The craft: legacy is an impressive act to follow. While the magic of the original '90s classic is unmatched, the latest addition is too The craft The film series is a modern version of the teenage witch story. Director Zoe Lister-Jones' sequel explores not only how to embrace personal power and step into femininity, but also intersectionality and elemental magic – which is reflected in the contemporary style of the coven, that of costume designer Avery Plewes was created.
"I think it's a spiritual process for a lot of people," said Plewes POPSUGAR when asked what magic means to them. "Magic is about absorbing your power and getting in touch with your desires." Plewes loved The craft Grew up believing that Lister-Jones "did a really good job creating unique characters that are individuals in their own right".
"In Hollywood, you often see archetypes of young girls repeating themselves over and over again," she said. "The original art was one of the first teen films to feature an all-girl cast who really had different personality types. Zoe Lister-Jones (the director) expanded that and created four new characters that are completely different but also share the same basic principles as the original cast, like the moral compass in many ways. The original was about these four types of outcasts who find each other and form a group together. In this case, it's more about four people who are very, very different who accept the fact that they are different from and united in the status quo. "
"This case is more about four people who are very, very different and who accept the fact that they are different from the status quo and are united in it."
Plewes referenced the original film by dressing Lily (Cailee Spaeny), Tabby (Lovie Simone), Lourdes (Zoey Luna) and Frankie (Gideon Adlon) in chokers, witch lace-up boots and leather jackets – previously with Sarah (Robin) Tunney) , Nancy (Fairuza Balk), Bonnie (Neve Campbell) and Rochelle (Rachel True). But The craft: legacy Here Plewes has the opportunity to translate the elements – earth, air, fire, water – into the individual costume of each witch.
"Lily's element is water, so the pearls she wears represent water, she wears mostly blue and her crystal is aquamarine. Tabby is fire so her main color was orange and a lot of color blocking. She also wears a lot of copper, and there are some Flame motifs in her costumes. I think the first day of school she wears a flame shirt and another day she has flaming socks. And then every girl had a crystal, so tabby was a sunstone. Lourdes is earth. So her main color was green, malachite was her crystal, and she wore a lot of plaid and velvet to represent the earth. "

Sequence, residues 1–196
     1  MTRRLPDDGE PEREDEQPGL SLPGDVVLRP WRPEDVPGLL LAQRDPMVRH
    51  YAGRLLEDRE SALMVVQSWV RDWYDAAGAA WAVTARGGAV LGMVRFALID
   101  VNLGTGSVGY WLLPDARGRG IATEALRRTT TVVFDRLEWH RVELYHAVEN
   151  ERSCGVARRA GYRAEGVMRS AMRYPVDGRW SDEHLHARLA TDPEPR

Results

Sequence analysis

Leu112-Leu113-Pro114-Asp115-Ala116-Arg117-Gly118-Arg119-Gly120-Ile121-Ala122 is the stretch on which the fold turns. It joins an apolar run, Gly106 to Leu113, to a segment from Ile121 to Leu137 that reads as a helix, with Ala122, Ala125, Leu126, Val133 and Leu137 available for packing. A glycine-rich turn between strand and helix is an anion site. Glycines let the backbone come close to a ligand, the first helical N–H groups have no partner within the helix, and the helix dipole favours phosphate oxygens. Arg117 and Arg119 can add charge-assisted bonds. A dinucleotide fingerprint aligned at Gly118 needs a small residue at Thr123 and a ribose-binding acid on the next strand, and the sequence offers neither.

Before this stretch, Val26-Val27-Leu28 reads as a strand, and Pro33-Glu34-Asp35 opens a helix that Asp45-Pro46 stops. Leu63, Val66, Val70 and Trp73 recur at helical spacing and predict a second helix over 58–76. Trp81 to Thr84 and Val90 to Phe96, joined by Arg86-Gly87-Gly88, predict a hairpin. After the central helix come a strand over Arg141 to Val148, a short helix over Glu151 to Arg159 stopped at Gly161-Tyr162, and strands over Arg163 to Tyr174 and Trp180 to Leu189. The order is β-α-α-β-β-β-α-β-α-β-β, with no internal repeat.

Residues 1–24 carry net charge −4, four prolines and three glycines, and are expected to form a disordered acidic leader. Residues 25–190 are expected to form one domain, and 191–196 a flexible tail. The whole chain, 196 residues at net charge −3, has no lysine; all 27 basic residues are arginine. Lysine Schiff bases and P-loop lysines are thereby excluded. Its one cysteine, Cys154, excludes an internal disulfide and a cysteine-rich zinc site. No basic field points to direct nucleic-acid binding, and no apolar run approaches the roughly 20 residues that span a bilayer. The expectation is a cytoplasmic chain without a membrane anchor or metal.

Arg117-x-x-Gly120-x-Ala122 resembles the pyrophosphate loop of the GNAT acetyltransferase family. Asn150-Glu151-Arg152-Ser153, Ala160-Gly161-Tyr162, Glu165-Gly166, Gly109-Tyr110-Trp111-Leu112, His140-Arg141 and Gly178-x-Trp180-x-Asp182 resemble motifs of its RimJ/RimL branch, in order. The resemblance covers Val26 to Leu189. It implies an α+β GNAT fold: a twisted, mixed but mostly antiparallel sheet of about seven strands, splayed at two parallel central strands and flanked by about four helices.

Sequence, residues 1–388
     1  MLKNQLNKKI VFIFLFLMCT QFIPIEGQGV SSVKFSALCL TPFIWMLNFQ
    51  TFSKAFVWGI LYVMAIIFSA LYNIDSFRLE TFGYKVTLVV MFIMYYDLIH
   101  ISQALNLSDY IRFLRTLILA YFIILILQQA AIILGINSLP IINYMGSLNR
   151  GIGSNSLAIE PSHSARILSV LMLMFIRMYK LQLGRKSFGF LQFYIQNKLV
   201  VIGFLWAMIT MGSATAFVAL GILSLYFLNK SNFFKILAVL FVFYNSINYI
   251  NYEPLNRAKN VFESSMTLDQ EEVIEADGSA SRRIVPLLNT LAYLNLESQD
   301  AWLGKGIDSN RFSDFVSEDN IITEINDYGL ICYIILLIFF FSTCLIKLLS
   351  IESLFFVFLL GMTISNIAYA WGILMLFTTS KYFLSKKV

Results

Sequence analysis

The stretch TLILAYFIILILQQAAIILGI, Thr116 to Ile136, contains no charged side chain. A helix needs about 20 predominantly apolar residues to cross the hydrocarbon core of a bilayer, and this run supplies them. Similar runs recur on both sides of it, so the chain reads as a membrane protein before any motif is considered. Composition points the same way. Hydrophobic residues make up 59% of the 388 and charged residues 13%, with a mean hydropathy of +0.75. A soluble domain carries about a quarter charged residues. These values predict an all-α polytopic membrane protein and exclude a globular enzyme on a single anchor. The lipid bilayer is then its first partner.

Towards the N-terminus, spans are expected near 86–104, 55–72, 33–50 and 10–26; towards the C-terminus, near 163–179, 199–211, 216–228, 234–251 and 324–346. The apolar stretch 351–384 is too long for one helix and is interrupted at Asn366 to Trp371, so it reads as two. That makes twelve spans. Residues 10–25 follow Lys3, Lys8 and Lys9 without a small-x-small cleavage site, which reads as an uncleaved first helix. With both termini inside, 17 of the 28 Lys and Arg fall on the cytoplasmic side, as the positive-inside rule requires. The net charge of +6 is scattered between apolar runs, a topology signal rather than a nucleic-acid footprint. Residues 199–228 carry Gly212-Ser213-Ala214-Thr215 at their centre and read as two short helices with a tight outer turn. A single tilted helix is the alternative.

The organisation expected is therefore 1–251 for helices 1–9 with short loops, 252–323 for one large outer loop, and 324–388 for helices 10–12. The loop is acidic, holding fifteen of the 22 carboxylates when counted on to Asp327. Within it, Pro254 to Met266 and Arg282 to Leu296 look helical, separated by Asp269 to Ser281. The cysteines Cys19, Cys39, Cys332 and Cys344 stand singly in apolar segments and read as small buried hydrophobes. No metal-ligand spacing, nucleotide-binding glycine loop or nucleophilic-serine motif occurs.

"Frankie is air and her color is purple," Plewes continued. "Her crystal is amethyst and there is a fair amount of white in her closet. The fringed jacket at the end of the film is a hint of air. When you think of air, a lot of people would be ethereal and kind of very dreamy, but I wanted that it feels really messy with her closet. And so she doesn't wear a lot of jewelry because she already has tattoos on her fingers, and I thought that was kind of enough. "
In addition to the four elements, the wardrobe of our new circle also touched on the intersectional experiences of women. Lourdes, a trans witch, confidently affirms that "trans girls have their own magic too". As a black witch, Tabby has a more honest dialogue about the race than Rochelle in the first film, sharing with her otherwise white coven that she wishes she had more black friends. With Lily, at the center of the film, we see her play with the expression of gender through her style, which Plewes says is inspired by shaved head photos of shaved heads like Winona Ryder and Cate Blanchett.
"For (Lily), I looked at a lot of people who dress androgynous," Plewes said. "The first time I met Zoe (the director), we talked about how, as a young girl, you are discovering that your body is changing, that you are in high school, trying to figure out who you are, your closet is changing very and developing. Sometimes he is very masculine, sometimes he is very feminine, sometimes he is very androgynous. I also often find in Hollywood that you see very one-dimensional young women as archetypes. And so it was very important to me that we've seen this young woman who finds her powers in the story. You also see it visually by exploring different silhouettes. That was really my biggest inspiration, just the young teenage girl trying to find herself. "